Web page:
Around the year 1400 Deventer and Zwolle, medium-sized merchant towns on the Ijssel River in north-central Netherlands, first emerged as major centers of writing and book production. Scribes began to produce books on an artisan scale, while authors invented or re-fashioned genres, often working easily across Latin and Dutch. Four pamphlets from the early 1420s, united into a volume as Thomas à Kempis’s The Imitation of Christ, became overnight the book (excepting bibles and service books) most widely copied in the fifteenth century (over nine hundred extant manuscripts), and then among the most translated, printed, and reprinted books of early modern Europe. Such a claim might surprise Netherlanders who think of those towns as relative backwaters, and may simply puzzle people who hardly know their names or location. All this has made it into textbooks, if at all, as a religious movement known already in its own time as the Devotio Moderna or “Present-day Devotion.” Along with Lollards and Hussites the Devout represented one of those regional outbursts of religious creativity formative across Europe at the turn of the fifteenth century. But where the first two got suppressed or battled into compromise, the Devout expanded. A professed branch, the Windesheim Congregation of Canons and Canonesses, proved the most successful new religious order of the time, eventually numbering a hundred houses with dozens more in its penumbra. Approached from the angle of a topographic literary history, however, this is a story of authors and texts over two or three human generations (1390s-ca. 1480) centered in and around two merchant towns. These individuals never set out to form a religious order and many would continue to sustain a dedicated religious life outside formal profession, successfully fighting off an inquisitor’s attempts to shut them down in the later 1390s. The proper context is the towns, but also their schools and schoolmasters, these communal religious groups and houses set up there, the book production they undertook to earn their keep, and a way of life they invented which made writing central to the cultivation of a religious self.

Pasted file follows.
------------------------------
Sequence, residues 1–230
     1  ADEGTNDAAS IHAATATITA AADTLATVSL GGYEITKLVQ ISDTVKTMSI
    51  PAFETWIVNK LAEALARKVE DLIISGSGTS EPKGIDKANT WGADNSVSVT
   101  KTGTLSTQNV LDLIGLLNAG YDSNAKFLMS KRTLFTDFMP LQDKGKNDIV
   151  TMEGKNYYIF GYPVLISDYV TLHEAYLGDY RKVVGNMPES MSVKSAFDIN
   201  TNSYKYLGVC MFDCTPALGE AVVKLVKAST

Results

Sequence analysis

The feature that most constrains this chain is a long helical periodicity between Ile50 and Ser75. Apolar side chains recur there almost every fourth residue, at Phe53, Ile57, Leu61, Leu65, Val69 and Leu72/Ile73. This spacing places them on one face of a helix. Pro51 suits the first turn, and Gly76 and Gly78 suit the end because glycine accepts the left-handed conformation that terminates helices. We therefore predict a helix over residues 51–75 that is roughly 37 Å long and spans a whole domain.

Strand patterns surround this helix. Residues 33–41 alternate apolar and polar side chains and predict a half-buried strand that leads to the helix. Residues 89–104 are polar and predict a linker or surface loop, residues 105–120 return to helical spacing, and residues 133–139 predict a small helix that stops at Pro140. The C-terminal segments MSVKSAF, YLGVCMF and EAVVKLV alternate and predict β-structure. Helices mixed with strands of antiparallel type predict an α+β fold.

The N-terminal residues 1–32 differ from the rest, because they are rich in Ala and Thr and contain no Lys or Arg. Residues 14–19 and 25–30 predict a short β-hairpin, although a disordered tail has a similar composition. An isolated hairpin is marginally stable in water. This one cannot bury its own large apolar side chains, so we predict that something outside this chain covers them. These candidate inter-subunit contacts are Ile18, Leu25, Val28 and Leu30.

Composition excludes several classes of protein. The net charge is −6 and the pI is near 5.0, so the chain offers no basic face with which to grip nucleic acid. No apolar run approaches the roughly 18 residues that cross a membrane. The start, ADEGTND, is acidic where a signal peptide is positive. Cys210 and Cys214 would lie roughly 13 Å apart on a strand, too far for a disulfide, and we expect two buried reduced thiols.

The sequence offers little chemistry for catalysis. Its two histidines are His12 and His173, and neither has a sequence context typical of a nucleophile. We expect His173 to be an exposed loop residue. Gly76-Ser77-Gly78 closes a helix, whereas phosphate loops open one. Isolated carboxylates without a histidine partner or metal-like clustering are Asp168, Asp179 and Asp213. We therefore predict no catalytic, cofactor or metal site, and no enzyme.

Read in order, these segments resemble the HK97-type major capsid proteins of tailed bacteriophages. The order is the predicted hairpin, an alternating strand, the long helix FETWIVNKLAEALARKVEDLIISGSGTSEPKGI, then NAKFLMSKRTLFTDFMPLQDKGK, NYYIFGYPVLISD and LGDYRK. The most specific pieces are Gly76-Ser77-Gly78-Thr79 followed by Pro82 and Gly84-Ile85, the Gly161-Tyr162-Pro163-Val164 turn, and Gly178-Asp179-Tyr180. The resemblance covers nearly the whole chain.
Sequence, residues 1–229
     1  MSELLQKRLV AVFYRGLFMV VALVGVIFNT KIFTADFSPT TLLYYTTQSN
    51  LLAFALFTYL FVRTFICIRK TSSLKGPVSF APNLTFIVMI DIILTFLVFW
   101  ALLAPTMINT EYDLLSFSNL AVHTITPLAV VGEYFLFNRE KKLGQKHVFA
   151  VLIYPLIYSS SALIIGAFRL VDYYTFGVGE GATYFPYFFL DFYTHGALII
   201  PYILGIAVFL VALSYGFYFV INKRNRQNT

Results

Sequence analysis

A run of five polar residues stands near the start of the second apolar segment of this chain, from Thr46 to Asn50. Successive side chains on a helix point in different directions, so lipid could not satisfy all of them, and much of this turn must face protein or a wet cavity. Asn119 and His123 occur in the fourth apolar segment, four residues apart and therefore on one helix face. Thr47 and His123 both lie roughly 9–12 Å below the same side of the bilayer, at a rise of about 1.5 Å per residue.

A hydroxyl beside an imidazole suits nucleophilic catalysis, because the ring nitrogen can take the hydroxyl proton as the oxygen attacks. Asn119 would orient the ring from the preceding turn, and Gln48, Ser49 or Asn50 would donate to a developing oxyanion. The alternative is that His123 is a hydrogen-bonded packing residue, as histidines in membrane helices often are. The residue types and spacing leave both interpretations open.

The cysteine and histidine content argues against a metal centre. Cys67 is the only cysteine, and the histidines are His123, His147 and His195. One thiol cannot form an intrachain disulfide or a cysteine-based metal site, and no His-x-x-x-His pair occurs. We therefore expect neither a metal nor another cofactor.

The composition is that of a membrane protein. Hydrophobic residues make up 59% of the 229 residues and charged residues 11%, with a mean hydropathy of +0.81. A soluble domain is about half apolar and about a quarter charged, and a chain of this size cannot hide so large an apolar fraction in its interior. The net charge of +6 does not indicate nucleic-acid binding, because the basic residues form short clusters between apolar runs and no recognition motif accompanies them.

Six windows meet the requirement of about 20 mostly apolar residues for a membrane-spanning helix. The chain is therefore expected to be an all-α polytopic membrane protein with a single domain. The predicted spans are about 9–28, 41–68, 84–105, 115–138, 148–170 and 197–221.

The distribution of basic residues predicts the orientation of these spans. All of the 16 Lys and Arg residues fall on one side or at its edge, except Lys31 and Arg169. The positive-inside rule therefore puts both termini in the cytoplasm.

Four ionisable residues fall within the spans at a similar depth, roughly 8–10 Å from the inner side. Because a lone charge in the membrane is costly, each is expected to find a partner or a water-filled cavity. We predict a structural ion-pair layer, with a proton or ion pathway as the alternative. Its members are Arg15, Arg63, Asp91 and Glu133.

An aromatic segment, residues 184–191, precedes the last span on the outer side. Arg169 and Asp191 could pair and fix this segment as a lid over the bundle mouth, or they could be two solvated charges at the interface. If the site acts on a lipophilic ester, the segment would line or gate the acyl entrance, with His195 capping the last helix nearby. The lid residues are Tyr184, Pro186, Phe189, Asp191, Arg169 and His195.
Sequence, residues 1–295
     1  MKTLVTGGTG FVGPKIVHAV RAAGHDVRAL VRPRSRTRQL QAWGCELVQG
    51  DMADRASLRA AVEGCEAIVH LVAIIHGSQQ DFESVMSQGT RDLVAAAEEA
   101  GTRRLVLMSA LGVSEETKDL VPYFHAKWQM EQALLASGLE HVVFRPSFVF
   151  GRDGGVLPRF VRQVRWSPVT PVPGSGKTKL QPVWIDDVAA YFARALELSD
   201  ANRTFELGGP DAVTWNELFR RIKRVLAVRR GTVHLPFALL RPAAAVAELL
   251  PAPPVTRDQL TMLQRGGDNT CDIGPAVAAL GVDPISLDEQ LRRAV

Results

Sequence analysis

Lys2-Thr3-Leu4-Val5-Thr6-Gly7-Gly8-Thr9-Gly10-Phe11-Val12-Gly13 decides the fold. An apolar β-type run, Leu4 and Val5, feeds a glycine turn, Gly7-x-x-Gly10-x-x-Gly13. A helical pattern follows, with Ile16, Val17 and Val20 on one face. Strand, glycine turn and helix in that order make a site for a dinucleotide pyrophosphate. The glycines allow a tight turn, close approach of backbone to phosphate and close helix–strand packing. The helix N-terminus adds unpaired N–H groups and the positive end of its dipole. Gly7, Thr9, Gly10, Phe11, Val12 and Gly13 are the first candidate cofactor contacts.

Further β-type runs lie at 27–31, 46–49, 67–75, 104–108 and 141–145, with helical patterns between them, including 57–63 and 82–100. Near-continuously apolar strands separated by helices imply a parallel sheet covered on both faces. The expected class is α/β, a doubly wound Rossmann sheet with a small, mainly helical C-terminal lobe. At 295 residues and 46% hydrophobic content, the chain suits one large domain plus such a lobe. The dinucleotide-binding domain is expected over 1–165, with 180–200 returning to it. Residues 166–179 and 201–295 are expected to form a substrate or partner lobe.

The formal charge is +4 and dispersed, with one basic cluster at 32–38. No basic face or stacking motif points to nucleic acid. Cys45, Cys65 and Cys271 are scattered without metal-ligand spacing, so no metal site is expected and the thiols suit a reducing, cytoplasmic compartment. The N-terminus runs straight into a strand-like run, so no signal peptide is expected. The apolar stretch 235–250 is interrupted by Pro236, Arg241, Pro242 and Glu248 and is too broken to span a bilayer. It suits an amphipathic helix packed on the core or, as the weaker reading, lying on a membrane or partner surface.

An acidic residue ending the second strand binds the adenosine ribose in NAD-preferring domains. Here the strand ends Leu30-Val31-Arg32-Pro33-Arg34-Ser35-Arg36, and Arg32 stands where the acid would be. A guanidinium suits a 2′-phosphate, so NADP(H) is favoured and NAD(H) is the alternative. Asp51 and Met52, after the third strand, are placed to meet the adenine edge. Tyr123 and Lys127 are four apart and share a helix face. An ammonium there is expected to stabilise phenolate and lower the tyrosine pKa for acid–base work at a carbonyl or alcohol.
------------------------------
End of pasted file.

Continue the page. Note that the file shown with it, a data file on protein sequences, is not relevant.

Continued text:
The story of the Devotio Moderna or of the Sisters and Brothers of the Common Life has a bibliography and set of historiographical problems all its own. Here the focus will be, after setting the scene, authors and works within that movement who lived their lives and wrote their works in a mini-region stretching along the Ijssel from Deventer to Kampen and then called “Salland.” A full communal life dominated their notion of what it meant to imitate the earliest Christian community in Jerusalem, though paradoxically these individuals were also left to cultivate their own religious lives. The writing was never about fame or authorship, quite the contrary, whence, most famously with the Imitation of Christ, questions about authorship have persisted ever since. So here, while naming and introducing prominent individuals, the account proceeds by genres, new or adapted, forms of texts which cut across all these individuals and “gatherings” (houses). In this movement women outnumbered men ten or even twenty to one. As for houses, in Deventer and Zwolle there were variously five houses of women and always one for men, as well as houses for schoolboys. Women wrote consistently in Dutch, though less got written or has survived. Men wrote in both Latin and Dutch and also engaged in considerable translation, both ways.